Coronavirus: the latest information including visitor restrictions & symptom screening >> (updated July 1)
Our bodies are meant to exercise. When we don’t exercise, our bodies become weaker, we lose muscle mass and our energy decreases. These are one of the many reasons why it is so important to keep moving through cancer treatment.
According to the Centers for Disease Control and Prevention, adults should engage in at least 2.5 hours of moderate-intensity aerobic activity a week (like brisk walking) and in muscle-strengthening activities that work your major muscle groups (legs, hips, back, abdomen, chest) on two or more days a week.
That doesn’t mean you should run a marathon without doctor supervision. Your exercise routine should be based on your health, certain medications you are taking, and your treatment plan. Your doctor can recommend an exercise routine that would be best for you.
If you are just starting to exercise, here are some good rules of thumb from the American Society of Clinical Oncology:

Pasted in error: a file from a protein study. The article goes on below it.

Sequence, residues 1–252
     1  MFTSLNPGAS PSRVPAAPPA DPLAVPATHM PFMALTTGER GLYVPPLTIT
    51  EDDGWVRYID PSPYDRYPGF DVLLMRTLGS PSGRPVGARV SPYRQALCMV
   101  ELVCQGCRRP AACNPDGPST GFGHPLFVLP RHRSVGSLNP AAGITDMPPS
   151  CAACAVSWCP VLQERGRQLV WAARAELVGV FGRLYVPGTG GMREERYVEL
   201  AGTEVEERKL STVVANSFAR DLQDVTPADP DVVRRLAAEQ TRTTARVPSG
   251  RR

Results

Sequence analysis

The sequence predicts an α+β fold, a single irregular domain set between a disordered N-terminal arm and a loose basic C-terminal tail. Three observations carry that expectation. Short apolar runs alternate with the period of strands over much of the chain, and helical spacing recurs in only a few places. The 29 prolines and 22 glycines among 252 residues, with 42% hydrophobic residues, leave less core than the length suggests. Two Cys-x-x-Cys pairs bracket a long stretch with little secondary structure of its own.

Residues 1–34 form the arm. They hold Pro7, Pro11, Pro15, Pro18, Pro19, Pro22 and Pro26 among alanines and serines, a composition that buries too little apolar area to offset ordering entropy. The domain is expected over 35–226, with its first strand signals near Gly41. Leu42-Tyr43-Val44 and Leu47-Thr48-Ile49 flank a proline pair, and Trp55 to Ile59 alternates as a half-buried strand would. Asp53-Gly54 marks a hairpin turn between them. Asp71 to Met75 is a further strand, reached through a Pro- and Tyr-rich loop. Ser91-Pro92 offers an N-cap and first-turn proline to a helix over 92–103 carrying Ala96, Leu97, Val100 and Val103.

In addition to aerobics and strength training, you should also integrate balance and stretching exercises into your lifestyle. Simple exercises like as walking a narrow path and putting one foot in front of the other, as if you are walking a tightrope can improve balance. So grab a friend and get moving!
How do you incorporate exercise into your lifestyle? Tell us in the below comments.
Step into a walking program: Start smart, walk strong
When it comes to fitness, baby steps are the best
How exercise can keep you from falling
If you have reached this screen, your current device or browser is unable to access the full Edward-Elmhurst Health Web site.
To see the full site, please upgrade your browser to the most recent version of Safari, Chrome, Firefox or Internet Explorer. If you cannot upgrade your browser, you can remain on this site.